Olsztyn is the capital of the Warmian-Masurian Voivodeship and is located on the Łyna River in north eastern Poland. It’s by far the biggest city in the region and is the transport hub for other towns in Warmia and Masuria and also a popular tourist destination.
Olsztyn was founded in the 14th century and was originally under the control and influence of the Teutonic Order prior to coming under Polish control following the Treaty of Toruń in 1466.
The city has a well-preserved old town with many historical buildings, including the Gothic-style St. James’s Cathedral and the 14th-century castle, which houses the Olsztyn Castle Museum. The city also has several other museums, such as the Museum of Warmia and Mazury and the Museum of the Earth.
The castle in Olsztyn is well-maintained with a splendid enclosed courtyard and city views. It was built between 1346-1353, and in the early days was the home of the Teutonic Knights. The Museum of Warmia & Masuria is housed inside the castle.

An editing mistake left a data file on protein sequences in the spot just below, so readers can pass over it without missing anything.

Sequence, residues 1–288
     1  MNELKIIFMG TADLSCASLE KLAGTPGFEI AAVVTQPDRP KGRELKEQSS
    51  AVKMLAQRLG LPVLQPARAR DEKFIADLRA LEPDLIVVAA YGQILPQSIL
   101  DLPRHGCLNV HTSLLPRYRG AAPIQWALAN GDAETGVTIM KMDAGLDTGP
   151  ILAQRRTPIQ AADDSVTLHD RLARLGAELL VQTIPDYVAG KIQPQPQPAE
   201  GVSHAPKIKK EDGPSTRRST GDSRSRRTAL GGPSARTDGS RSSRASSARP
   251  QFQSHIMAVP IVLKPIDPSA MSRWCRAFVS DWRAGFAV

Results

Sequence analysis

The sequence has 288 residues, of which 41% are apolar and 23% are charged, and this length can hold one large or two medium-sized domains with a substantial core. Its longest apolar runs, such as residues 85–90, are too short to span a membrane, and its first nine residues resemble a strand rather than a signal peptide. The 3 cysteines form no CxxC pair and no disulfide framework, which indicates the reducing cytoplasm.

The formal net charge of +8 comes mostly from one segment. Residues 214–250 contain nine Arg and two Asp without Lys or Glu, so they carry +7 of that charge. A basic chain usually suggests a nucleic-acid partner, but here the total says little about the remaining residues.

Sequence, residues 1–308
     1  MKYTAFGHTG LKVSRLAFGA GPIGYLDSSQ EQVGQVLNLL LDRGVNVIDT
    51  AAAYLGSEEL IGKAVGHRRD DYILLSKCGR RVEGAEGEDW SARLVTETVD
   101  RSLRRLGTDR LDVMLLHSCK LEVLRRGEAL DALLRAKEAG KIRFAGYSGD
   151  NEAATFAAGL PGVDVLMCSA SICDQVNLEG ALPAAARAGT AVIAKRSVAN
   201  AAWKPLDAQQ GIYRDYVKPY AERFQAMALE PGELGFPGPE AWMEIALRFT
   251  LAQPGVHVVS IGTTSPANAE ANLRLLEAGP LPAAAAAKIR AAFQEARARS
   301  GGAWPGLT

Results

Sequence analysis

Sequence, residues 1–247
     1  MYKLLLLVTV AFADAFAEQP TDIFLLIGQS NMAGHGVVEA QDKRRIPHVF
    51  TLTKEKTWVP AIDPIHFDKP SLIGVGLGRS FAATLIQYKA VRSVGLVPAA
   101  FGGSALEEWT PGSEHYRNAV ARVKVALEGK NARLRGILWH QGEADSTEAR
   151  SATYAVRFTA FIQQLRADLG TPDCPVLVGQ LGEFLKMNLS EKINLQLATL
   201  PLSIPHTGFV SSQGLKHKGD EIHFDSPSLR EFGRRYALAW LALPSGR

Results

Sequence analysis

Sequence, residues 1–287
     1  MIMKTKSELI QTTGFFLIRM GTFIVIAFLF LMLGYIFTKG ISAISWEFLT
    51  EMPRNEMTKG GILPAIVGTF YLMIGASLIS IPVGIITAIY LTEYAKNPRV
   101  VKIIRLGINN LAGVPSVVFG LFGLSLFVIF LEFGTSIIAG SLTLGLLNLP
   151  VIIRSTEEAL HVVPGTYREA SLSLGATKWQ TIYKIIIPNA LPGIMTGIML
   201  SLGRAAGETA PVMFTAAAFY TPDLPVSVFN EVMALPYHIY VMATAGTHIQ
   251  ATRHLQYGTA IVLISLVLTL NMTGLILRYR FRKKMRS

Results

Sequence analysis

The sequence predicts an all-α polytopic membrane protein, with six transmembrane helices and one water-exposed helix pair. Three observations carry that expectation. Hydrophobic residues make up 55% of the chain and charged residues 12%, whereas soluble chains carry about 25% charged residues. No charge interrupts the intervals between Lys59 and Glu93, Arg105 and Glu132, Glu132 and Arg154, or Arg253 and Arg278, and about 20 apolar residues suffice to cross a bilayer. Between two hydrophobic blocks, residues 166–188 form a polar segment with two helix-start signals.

The city is also known for its beautiful parks and gardens, including the Ukiel Lake, which is a popular spot for swimming, sailing, and windsurfing in the summer, and ice-skating in the winter.
Olsztyn is a renowned cultural and academic centre, boasting a large Philharmonic Orchestra and a university in addition to numerous cinemas, theatres, restaurants and cafes.
Great Masurian Lakes
Overall, Olsztyn is a city with a rich history and beautiful natural surroundings, making it a great destination for those interested in history, culture, and outdoor activities.
In terms of transportation, Olsztyn has an efficient public transportation system, including buses and trams, as well as a regional airport that connects the city with other destinations in Poland and abroad.
Warmia-Masuria (Warminsko-Mazurskie) is the water sports capital of Poland and it is dominated by the Great Masurian Lakes. Every year, thousands of kayakers, windsurfers and sailors arrive in the province to have fun on the water.
The region is home to Hitler’s wartime hideout, the Wolf’s Lair, one of Europe’s most significant WWII sites. There’s also Palaces, Gothic castles, Gothic churches and museums to explore.